A big part of my childhood was spent on skates. I learned to skate on a frozen ditch in our yard when I was six. The next summer, my family moved into town, and we lived right next door to an irrigation pond and across the road from a large public pond.
We weren't allowed to cross the road by ourselves so we were satisfied skating on the pond next door, we could go there anytime we wanted. The edges were full of cattails, and one day, a friend of mine fell on one and got a big gash in her hand which required sitches. After that she wasn't allowed to skate there anymore.
After I was old enough to cross the road, we could go to the pond across the road and we would spend as much time as possible skating, going home just to get something to eat and warm up a bit and back we'd go. We would go first thing in the morning and clean the ice off if any snow fell overnight. There was a stone and brick cottage with a fireplace at the edge of the pond where we would put our skates on. We would then climb out of the old window frame onto the ice. I can remember my brother, eager to skate, the first to test the ice at the start of the season, more than once jump out the window onto the ice and go right through it! Not ready yet, we'd say, laughing. It wasn't a deep pond, only about three feet deep, so he would just climb out, and we'd all go home.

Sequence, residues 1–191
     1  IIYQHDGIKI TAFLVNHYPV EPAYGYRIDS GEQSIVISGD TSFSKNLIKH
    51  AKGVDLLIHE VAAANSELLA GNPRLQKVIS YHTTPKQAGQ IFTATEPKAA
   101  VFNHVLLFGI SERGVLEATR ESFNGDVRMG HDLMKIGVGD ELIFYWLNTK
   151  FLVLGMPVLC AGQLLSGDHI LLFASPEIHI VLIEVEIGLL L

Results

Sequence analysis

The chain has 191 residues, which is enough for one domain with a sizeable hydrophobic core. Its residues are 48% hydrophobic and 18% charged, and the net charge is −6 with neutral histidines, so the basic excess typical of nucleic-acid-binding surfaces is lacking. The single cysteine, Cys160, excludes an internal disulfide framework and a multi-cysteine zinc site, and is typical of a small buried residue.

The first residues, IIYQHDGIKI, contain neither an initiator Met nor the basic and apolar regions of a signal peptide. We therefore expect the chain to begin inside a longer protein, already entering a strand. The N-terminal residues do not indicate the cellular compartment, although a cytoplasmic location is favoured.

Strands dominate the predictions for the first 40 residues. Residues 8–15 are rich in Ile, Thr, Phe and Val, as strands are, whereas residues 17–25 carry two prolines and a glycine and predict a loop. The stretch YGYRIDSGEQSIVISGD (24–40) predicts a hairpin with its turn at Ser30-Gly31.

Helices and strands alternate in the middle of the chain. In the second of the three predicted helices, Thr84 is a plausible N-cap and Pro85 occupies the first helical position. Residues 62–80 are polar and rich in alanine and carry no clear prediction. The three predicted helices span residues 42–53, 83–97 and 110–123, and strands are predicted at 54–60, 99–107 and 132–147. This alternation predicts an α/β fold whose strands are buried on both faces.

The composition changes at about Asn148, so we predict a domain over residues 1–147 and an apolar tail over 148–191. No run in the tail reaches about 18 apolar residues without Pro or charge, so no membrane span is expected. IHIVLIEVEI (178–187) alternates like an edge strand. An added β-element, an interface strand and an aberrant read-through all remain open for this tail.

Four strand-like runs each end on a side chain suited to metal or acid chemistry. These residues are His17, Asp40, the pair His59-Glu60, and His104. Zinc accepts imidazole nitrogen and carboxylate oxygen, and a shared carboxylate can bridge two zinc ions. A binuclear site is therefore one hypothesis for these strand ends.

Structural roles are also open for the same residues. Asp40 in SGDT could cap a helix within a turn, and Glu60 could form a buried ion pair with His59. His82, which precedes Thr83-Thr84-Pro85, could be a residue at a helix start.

My brother would play hockey with his friends and sometimes, if someone had to leave early, they would ask me to play goalie for them.
I liked speed-skating most of all, my brother, cousin and I could be found late at night, having races around the pond. I haven't skated since we moved away when I was seventeen. It's just not the same at a public skating rink.